Marine Cloud Brightening (MCB) is one of several proposed solar radiation management geoengineering schemes designed
to avert some of the undesirable effects of climate change (Latham et al. 2008, Phil Trans Roy Society). Such changes include
ice loss, desertification and increased sea levels. MCB hypothesizes that seeding marine stratocumulus clouds with copious
quantities of roughly monodisperse sub-micrometre seawater particles can enhance the cloud droplet number concentration
and increase cloud albedo. Recent publications (Latham et al. 2012, Phil Trans Royal Soc.) provide more specific details of the
technology and the microphysical process, as well as proposing a set of field tests to critically assess the efficacy of MCB.
We describe a set of climate simulations based on the fully coupled ocean atmosphere and ice Numerical Weather
Prediction Climate Model, HadGEM1. The model is used to project changes in land and sea surface temperatures as a result of
increasing carbon dioxide and geoengineering using the MCB scenario. We show that that the effects of seeding the clouds in three
relatively small and localised regions where there is significant stratocumulus cloud cover, produces significant global cooling of
land surface and sea surface temperatures which could provide temporary ( ~ 50 years) amelioration of global temperature rise.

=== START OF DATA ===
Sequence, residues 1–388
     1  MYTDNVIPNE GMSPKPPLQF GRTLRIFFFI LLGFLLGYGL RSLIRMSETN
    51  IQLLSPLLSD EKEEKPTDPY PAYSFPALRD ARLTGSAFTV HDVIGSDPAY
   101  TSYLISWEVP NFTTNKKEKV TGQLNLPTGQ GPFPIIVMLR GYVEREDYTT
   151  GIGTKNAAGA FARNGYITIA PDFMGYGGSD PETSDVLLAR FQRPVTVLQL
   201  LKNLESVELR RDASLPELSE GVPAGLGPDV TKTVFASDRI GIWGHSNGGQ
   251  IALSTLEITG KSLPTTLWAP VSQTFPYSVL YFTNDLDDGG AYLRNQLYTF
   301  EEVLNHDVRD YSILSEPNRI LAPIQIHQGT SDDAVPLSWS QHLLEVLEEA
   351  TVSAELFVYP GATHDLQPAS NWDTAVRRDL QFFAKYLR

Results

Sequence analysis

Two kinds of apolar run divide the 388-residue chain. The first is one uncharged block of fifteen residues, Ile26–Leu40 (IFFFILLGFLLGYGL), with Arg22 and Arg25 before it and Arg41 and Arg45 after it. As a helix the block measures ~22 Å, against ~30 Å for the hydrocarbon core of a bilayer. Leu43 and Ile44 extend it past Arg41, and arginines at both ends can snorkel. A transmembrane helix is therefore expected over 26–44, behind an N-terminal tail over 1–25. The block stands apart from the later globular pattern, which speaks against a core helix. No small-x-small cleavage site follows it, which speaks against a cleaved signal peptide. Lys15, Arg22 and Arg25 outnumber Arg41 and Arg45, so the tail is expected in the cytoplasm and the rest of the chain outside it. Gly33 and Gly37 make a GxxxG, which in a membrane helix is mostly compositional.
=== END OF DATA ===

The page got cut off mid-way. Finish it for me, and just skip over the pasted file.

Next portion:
Modification of the Meridional Heat Flux is the process whereby the poles are preferentially cooled. (Parkes et al 2012, ISRN).
Global land and sea surface temperature plots are shown. Further application to hurricane weakening and cooling of tropical
regions to avoid Coral Bleaching is briefly suggested.
Dr. Alan Gadian is a senior scientist in the UK National Centre for Atmospheric Sciences, and currently based at the University of Leeds, UK. He
is working with a team of scientists trying to test the viability of this Geoengineering Scheme to provide a temporary stop gap breathing space to
reduce global warming. He has had many years of studying and publishing papers on microphysical process in clouds and modelling dynamical and
thermodynamical processes in the lower atmosphere. He is editor of Atmospheric Science Letters.
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